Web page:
Virginia Alber-Glanstaetten, group director of planning at Huge, has returned with her monthly column for this here site, this time discussing among other things, the mobile web, couponing, digital performance and how a certain well-known retail chain is playing into it all. Why say any more, let her take it away.
I was recently reminiscing about the early days of .com: an era where big ideas came first and the business model came later, if at all. We can look back now at what were essentially large scale experiments in digital: Kozmo.com, brought down by its free shipping on any order; Pets.com, the founding fathers of cute overload but otherwise useless for pet owners; and WebVan, whose razor thin margins couldn’t support their vision resulting in 2000 people out of work. We didn’t really know what we were getting into and, at the time, few people were thinking about things like the user journey, the consumer experience, or basic usability for that matter.
Fast forward to 2013 and we’ve made strides in technology but we continue to make the same mistakes. Perhaps not with the same pageantry as with Webvan or Pets.com, but every day agencies produce work where good user experiences and viable business results take a back seat to a big idea, or at least something that will generate a cycle of good press. As digital has become more sophisticated and extended to multiple platforms, so have our audiences and their expectations. The gap between great idea and another failure is getting smaller and smaller.
As reinforced by this McKinsey report in May on disruptive technologies, the mobile Internet is already transforming businesses, so it makes sense that companies are looking at any and all opportunities to use mobile platforms to drive consumers into their stores. While launched in beta, Cartwheel is a great example of an effort in this area where the idea is running ahead of the experience. Conceptualized as the next big thing in coupons, Cartwheel is supposed to be the easiest way for mobile-enabled moms to redeem coupons in Target stores, leveraging Facebook and gamification at the same time. Once you actually try it, you’ll find yourself having to execute half a dozen steps before you’re able to redeem any savings at all. As a mom commenting on hip2save says: “It’s great to save money, but I’m usually shopping with 1-3 kids and have a hard time keeping track of just my paper coupons so I’m not sure if 5% off is enough incentive to get me to keep up with this new program.”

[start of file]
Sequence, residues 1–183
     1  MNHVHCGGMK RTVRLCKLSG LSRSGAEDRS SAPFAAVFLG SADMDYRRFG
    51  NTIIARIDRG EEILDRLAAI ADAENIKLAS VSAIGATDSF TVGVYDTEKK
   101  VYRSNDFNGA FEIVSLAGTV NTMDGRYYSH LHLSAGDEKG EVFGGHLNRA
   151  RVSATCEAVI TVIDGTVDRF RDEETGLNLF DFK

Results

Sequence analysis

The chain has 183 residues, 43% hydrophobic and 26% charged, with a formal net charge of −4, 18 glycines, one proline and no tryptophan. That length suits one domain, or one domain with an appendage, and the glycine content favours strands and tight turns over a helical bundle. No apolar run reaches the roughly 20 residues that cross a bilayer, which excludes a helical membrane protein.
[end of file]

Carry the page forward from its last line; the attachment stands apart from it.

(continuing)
The point of this is not to bash Target, whose digital ambitions are in the right place. The world of couponing is ever expansive and growing and we know that it drives purchase. However, the primary audience for coupons are moms, one of the most time-pressed consumer segments known to mankind. With so many coupon apps already available, companies need to make sure the obstacles to usage are as low as possible and the value exchange is very high if they are going to go down this path. As another mom vents: “There are wayyyy tooo many programs popping up! How am I to keep track? There needs to be one program that combines them all. Between this SavingStar, Ibotta, Target Mobile Coupons- someone create one app!”
To be successful in digital, brands have to help their users get from point A to point B as efficiently and effectively as possible. Identifying these efficiencies are what makes good business sense. For brand planners working in digital, it is incumbent upon us to employ the brand’s strengths and innate capabilities to help users realize the promise of the brand. Applications like Cartwheel are disappointing because, while the ambition is right, they fail to capitalize on the truly unmet needs of the consumer, and more importantly, what the brand can uniquely and powerfully offer them. While the advertising industry is grappling to meet the demands of performing in digital, it often seems like very few lessons have been learned along the way. How is it that while the options available to us have increased exponentially, we are still letting what seem like “good ideas” trump the basic tenets of good business and strong customer value props?